“Williams Advanced Engineering has always endeavoured to work collaboratively with its customers to meet their sustainability challenges and find energy efficient solutions,” said Paul McNamara, Technical Director at Williams Advanced Engineering. “For today’s car manufacturers, this is particularly important as legislation demands more energy efficient vehicles. This project with Aston Martin will draw on the extensive battery and EV experience we have accumulated and we are extremely pleased to be supporting this prestigious British company with their future electrification strategy.”
The upcoming RapidE, which appears based upon the Rapide AMR concept, looks much like a regular Rapide in its current test mule phase, other than blue accents and unique RapidE badging with a stylized plug forming from the final E’s middle prong. Inside, the RapidE’s instrument panel gets battery life and regenerative braking indicators, replacing some of the now redundant gasoline engine’s gauges. So far there aren’t any changes planned for the interior, trim aside.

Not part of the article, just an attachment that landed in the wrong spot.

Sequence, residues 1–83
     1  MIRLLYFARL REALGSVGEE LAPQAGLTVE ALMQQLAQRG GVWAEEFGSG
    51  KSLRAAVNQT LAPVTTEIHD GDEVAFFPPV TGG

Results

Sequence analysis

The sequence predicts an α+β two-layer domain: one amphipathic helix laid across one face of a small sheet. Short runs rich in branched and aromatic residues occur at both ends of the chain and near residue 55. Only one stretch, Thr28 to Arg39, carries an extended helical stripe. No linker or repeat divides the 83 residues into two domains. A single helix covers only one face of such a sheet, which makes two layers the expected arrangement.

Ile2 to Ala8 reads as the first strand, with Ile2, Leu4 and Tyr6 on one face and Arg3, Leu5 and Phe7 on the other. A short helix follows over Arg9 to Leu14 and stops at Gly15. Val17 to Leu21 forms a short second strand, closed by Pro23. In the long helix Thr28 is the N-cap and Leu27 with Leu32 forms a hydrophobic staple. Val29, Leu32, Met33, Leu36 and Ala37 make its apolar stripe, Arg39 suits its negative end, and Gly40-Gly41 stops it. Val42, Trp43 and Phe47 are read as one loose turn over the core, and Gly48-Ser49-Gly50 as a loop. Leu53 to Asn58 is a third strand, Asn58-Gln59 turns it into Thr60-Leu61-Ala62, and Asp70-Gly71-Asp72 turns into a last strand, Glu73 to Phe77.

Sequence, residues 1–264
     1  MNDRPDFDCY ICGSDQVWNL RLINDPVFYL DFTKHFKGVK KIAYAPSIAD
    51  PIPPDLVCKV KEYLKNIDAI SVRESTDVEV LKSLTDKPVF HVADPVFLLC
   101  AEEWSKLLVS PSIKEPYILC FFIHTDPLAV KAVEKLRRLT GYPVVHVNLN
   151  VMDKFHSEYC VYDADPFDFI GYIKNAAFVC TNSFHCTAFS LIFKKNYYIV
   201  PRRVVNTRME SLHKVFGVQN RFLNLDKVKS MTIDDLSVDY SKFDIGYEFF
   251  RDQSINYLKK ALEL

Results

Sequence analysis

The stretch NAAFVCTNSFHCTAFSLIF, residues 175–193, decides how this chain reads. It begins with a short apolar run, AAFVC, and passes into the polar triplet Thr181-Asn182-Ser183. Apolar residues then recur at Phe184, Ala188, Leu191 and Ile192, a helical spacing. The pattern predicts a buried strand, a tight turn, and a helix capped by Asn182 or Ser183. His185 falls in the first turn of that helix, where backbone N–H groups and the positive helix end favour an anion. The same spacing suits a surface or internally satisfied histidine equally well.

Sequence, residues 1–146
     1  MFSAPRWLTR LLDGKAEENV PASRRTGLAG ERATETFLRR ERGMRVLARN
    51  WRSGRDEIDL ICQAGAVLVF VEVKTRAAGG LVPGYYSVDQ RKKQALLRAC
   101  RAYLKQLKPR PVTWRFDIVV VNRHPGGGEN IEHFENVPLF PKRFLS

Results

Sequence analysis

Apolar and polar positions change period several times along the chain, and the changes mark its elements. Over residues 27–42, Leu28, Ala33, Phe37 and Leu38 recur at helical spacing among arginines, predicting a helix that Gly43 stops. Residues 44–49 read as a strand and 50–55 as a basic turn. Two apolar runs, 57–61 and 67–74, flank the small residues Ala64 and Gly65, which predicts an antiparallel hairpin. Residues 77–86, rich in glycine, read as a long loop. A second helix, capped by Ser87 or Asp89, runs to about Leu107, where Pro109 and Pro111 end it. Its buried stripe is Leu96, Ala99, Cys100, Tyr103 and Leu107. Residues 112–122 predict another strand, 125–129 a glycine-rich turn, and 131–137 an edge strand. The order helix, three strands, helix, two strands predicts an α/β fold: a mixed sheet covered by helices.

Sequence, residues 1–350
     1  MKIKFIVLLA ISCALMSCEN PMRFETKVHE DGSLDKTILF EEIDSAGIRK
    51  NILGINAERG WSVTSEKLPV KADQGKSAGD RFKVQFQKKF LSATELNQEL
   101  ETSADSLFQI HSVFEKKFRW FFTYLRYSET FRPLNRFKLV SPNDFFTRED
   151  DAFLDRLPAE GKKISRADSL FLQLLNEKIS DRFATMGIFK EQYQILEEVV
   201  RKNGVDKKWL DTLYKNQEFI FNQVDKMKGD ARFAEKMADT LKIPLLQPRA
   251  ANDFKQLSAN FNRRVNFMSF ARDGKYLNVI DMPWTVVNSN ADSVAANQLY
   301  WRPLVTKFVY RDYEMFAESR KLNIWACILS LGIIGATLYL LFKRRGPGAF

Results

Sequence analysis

Likewise, the RapidE’s suspension should carry forward mostly unchanged. The prototype rides on an identical setup to the current V12-powered road car, and while the former is hardly ready for primetime (with those having driven it complaining of truck-like handling) Aston will need to keep RapidE production costs within reason. So far the prototype doesn’t include any electronic driver assistance systems such as stability-control software, while its even missing a finished cooling package to keep the battery from overheating, the old radiator now unnecessary. Reportedly, straight-line performance and range are test mule weak points too, the British brand still having plenty of work to do before the production RapidE is ready.